The most effective advert of all was the postcard movie Roman Holiday, in which Gregory Peck and Audrey Hepburn rode around Rome on a white Vespa. While Gregory was busy seducing Audrey, the international public fell in love with the Vespa itself, and sales soared worldwide. The 500th Vespa was produced in 1953; by 1956 the figure had topped the million mark. Piaggio’s slogan became, “Ti amo. From Italy with love.”
Piaggio has accompanied the last seventy years of Italian history with a hundred or so Vespa models, one of which, the GS 150, is on display at the MoMA in New York. Anticipating modern merchandising and customer loyalty schemes, the company has promoted all models with a panoply of badges and pennants and other collector’s miscellanea. In 2017 it also stepped up to the environmental plate when it unveiled the Vespa Elettrica, an electric model with a range of 250 kilometers. There’s now a rumor going round Italian bars according to which Piaggio is developing a two-seater Covid-19 model, elongated to respect social distancing.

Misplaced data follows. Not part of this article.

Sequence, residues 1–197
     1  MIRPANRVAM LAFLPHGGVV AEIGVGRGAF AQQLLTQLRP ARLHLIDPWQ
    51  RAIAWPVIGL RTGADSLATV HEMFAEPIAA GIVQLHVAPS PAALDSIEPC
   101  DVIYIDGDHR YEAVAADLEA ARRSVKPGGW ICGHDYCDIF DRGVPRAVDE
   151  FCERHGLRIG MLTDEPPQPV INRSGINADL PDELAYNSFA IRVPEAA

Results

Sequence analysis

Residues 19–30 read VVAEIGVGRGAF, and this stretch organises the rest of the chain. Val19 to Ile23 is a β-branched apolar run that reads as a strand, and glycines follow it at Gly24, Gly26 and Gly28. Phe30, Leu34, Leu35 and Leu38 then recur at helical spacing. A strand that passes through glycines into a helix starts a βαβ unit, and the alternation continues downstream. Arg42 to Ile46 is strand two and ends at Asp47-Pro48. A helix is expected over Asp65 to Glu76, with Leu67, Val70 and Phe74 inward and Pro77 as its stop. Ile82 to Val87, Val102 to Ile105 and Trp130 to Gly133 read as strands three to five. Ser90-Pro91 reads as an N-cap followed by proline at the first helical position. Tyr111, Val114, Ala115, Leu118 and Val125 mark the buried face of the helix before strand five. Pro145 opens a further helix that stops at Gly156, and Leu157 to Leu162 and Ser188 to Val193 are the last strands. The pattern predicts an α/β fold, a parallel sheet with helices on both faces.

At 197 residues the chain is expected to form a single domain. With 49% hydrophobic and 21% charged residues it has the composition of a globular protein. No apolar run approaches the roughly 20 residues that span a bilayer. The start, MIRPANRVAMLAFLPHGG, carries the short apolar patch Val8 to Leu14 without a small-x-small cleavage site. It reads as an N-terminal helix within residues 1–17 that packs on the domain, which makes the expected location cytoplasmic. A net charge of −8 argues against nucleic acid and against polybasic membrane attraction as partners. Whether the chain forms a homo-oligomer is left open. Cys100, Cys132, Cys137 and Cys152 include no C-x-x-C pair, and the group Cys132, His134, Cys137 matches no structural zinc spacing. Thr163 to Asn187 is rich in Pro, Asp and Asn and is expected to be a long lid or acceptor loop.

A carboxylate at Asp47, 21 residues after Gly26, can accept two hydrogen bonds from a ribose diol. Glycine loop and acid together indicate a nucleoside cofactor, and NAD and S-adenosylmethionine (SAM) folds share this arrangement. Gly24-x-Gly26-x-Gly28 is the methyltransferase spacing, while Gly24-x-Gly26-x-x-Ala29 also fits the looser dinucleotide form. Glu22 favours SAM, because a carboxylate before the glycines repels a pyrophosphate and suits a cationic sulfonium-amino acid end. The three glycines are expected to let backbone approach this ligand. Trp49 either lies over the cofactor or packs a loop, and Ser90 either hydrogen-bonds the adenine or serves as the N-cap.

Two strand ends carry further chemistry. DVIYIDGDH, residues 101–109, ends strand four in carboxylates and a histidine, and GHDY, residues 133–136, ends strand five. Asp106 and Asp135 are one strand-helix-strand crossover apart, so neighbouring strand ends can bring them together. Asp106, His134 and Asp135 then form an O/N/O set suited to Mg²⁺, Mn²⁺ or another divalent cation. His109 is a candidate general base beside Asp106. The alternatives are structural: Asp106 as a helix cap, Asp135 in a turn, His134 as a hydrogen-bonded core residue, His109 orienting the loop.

Today the Vespa enjoys cult status more than ever among Italians, without distinction of age or class or region. Factory workers in Turin, opera-goers in Milan, button men in Palermo–you can see them all riding Vespas. As I write there are three Vespas parked outside the bar below my balcony. One of them belongs to a friend of mine: It’s a white 125 Primavera and in 1979 he rode it all the way to a Patti Smith concert in Bologna, a distance of 300 kilometers. The other day I inadvertently called it a scooter. “A Vespa isn’t a scooter,” he replied. “A Vespa is a Vespa.”
John Irving is a freelance editor and writer based in Piedmont, Italy. He is the author of Pane e Football (Slow Food Editore, 2012).